This Is An Art School

This Is An Art School, CSM and Tate Modern
This Is An Art School, CSM and Tate Modern
(photo: Tate Modern)

In January 2017, staff and students from the Fine Art programme at CSM took over a floor in Tate Modern's Switch House for a week to present an alternative art school open to the public. While This Is An Art School turned usual structures on their head, the week-long event was also an opportunity to highlight the current threats to art education. 

Fine Art Programme Director Alex Schady launched This Is An Art School with the following impassioned statement: 

"This is an open invitation to join our new temporary art school. All new students are welcome to enrol. There is to be no selection or interview process simply a requirement that you commit to action. Visitors to Tate Exchange will be invited to enrol in Art School. An art school created by students, staff and alumni of Central Saint Martins that explores what the future of arts education in the UK might look like. Visitors will have access to timetables, workshops, seminars and lectures, however, standard orthodoxies within the school will be questioned and upturned. The school will be designed, built and run in public view with opportunities for groups and visitors to engage with the project through workshops, talks, events and studio making. 

This Is An Art School, 2017
This Is An Art School, 2017
(Photo: Tate Modern)

While this cacophony of creativity may offer a utopian ambition for arts education there is a pressing point at its heart. We are concerned that in the current economic and political climate there is a systematic assault of arts education in the UK. 

Art is increasingly isolated in the school timetable.

Creativity dismissed as peripheral and not included in the proposed Ebacc in preference to STEM subjects of maths, science and engineering. Indeed, as pupils feel pressure to study Ebacc subjects we are seeing fewer choosing to study the arts. Outside of school, cuts to local funding put galleries’ educational and outreach programmes at risk. In recreating and reconsidering an art school at Tate we want to think about what forces are currently impinging on arts education and what resistance we can offer.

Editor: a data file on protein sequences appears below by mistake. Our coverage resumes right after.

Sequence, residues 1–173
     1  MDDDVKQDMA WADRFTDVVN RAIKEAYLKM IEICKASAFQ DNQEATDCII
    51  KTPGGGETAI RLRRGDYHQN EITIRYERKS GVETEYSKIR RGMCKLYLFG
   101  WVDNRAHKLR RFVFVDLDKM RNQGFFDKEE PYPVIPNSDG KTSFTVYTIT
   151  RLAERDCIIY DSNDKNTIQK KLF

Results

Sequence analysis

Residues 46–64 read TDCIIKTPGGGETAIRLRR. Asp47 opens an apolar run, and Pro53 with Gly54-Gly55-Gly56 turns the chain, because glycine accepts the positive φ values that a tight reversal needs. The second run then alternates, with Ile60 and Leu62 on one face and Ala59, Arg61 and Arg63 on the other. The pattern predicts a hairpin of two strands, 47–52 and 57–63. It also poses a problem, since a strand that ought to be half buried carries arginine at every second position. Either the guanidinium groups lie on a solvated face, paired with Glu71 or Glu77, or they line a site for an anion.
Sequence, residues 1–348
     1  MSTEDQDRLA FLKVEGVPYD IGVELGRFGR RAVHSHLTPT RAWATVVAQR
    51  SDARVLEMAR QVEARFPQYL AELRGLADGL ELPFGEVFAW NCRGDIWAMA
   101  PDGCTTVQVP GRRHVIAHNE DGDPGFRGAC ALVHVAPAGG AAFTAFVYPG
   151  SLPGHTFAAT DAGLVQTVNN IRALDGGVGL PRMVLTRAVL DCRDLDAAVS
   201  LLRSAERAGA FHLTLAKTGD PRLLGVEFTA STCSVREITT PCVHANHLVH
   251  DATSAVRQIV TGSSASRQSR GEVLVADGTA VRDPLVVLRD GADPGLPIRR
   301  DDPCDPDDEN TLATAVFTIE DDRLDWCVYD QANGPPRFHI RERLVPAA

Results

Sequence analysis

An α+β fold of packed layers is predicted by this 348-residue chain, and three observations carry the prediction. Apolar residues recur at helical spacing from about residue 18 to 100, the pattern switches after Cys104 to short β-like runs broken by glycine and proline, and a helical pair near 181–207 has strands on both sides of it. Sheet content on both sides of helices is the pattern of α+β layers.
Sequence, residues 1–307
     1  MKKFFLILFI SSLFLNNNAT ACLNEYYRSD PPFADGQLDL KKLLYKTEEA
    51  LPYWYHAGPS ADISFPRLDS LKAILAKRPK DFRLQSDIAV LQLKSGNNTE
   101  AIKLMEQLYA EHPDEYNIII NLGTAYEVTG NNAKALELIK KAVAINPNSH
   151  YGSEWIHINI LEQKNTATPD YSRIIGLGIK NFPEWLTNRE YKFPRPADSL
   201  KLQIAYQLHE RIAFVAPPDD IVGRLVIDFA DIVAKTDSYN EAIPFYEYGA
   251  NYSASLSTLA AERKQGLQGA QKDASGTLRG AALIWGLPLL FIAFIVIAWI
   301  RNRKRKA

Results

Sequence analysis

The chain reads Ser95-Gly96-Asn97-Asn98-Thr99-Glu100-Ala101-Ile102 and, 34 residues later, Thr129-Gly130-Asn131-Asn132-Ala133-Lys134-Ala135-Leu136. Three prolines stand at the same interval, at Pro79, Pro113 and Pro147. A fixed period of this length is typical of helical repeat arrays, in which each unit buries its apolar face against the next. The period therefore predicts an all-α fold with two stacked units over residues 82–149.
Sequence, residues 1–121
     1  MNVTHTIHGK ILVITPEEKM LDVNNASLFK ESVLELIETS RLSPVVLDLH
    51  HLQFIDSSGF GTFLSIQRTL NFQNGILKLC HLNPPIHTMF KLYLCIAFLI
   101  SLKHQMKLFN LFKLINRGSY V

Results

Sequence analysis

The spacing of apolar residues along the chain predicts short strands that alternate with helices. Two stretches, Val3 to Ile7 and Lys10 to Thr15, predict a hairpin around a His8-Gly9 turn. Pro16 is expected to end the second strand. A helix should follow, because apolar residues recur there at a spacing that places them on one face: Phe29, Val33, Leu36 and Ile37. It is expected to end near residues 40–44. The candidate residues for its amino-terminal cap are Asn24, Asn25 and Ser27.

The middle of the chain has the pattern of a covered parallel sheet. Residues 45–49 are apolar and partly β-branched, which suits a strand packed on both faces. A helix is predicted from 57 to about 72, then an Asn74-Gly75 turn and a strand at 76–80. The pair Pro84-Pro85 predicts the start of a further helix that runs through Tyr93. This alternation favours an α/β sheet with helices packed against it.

We’re not saying that everybody should be an art student or artist – although, what a world that might be! – but that everyone should experience the arts. Our cultural health as a nation is promising when practitioners and the audience are diverse and vocal.

Art can be empathic, challenging and joyful. An arts education brings all these in truckloads but because such qualities can’t be scored it sits uncomfortably alongside those subjects that can. As a barometer of achievement, you can see the hoards of visitors mesmerised by a blockbuster exhibition or watch the face of a child who’s touching clay for the first time or you could think about the £84.1bn that the creative industries contribute annually to the UK economy, a sector growing at double the pace of the wider economy.

And while creativity isn’t about money, you can’t have the economy without the ecology. Bringing the art school into the Tate and inviting the public to all become art students confronts the fact that we can’t have the art without the action.